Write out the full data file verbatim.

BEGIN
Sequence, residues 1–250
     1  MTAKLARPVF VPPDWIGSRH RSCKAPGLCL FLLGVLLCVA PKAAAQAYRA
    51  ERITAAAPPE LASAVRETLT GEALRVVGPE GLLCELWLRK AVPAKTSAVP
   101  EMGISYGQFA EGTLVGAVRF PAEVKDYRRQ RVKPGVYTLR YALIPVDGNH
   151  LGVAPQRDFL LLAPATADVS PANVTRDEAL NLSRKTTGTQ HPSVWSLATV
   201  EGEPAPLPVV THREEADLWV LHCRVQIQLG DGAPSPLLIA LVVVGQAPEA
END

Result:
Sequence, residues 1–250
     1  MTAKLARPVF VPPDWIGSRH RSCKAPGLCL FLLGVLLCVA PKAAAQAYRA
    51  ERITAAAPPE LASAVRETLT GEALRVVGPE GLLCELWLRK AVPAKTSAVP
   101  EMGISYGQFA EGTLVGAVRF PAEVKDYRRQ RVKPGVYTLR YALIPVDGNH
   151  LGVAPQRDFL LLAPATADVS PANVTRDEAL NLSRKTTGTQ HPSVWSLATV
   201  EGEPAPLPVV THREEADLWV LHCRVQIQLG DGAPSPLLIA LVVVGQAPEA